The court has carefully viewed this videotape in its entirety. The videotape shown at the training seminar includes seven segments. The first segment portrays the reenactment of a crime in an unrelated case. The second segment involves an interview with a suspect accused of robbing the Flowers Bakery in an unrelated case. The third segment involves the robbery of a convenience store in an unrelated case. The fourth segment portrays the reenactment of aggravated child abuse by a suspect in an unrelated case. The fifth segment involves an interview with a defendant implicated in the second segment. The sixth segment shows a longer version of the enactment portrayed in the second segment.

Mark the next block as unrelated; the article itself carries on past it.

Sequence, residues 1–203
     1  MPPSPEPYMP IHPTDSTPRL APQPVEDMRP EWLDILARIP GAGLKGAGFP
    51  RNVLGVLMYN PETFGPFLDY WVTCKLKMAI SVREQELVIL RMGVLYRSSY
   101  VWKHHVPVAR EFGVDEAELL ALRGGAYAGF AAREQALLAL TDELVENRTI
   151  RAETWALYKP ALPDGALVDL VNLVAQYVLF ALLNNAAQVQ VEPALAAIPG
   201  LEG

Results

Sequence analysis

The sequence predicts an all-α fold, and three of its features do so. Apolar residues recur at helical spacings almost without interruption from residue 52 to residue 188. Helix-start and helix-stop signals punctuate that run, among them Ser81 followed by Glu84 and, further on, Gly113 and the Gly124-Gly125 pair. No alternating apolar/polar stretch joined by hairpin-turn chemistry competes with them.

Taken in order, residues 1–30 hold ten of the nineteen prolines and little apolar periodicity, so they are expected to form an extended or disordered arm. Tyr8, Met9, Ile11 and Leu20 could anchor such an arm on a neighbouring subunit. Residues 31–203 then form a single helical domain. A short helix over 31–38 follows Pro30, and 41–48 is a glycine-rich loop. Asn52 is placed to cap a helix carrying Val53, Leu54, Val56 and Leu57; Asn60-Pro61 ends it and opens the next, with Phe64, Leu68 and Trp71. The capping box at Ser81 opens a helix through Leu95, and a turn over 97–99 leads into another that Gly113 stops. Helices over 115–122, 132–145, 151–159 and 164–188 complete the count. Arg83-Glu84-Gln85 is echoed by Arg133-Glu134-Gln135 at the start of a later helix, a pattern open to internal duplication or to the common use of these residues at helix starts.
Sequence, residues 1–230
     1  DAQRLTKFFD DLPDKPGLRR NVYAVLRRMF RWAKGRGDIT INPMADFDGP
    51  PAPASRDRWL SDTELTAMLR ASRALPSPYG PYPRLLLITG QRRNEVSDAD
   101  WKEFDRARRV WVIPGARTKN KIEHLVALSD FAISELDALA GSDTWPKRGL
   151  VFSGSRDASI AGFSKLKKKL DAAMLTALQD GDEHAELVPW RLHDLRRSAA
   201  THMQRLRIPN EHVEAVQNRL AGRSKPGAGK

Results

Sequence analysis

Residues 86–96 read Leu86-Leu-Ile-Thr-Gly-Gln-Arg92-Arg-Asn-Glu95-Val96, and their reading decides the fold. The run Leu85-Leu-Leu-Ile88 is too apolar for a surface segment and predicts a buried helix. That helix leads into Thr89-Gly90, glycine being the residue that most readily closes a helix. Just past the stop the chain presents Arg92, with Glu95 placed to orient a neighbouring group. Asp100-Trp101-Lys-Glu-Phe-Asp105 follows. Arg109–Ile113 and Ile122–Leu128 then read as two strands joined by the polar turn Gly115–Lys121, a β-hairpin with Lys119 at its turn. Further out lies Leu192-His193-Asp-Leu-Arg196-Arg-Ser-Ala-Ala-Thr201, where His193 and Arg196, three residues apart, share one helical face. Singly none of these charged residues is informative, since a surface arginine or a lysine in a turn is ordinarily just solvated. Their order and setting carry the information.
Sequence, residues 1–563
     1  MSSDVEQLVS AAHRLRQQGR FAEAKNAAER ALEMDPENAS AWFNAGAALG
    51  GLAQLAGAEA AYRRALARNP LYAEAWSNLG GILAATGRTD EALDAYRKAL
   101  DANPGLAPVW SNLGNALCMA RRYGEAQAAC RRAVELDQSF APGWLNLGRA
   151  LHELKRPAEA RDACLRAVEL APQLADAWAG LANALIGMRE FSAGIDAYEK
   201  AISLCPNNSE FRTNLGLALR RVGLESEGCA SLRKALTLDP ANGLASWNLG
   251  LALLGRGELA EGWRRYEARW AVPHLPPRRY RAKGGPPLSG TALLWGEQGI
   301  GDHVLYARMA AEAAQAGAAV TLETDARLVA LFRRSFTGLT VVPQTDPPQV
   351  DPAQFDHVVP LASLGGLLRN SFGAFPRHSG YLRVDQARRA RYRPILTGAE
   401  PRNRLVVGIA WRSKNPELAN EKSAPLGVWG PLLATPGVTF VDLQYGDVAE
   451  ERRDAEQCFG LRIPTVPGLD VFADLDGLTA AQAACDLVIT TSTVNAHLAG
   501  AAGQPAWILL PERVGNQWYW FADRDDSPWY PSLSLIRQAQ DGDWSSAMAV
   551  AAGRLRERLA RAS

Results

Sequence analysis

The seventh segment involves the defendant in this case, Nathan Brinkley. This segment shows excerpted portions from the four hour videotape of the interview with the defendant, which runs in its entirety from 2:57 p.m. - 7:21 p.m. The seventh segment begins at 2:57 p.m., ends at 3:14 p.m., jumps to 3:41 p.m., ends at 3:53 p.m., begins again at 4:49 p.m., ends at 4:53 p.m., begins again at 5:49 p.m., and finally ends at 6:30 p.m. The defendant does not request counsel, nor does he express a desire to stop the interview during any of these segments. From what the court can glean, it appears that these excerpts were selected merely as an aid to teach interrogation techniques.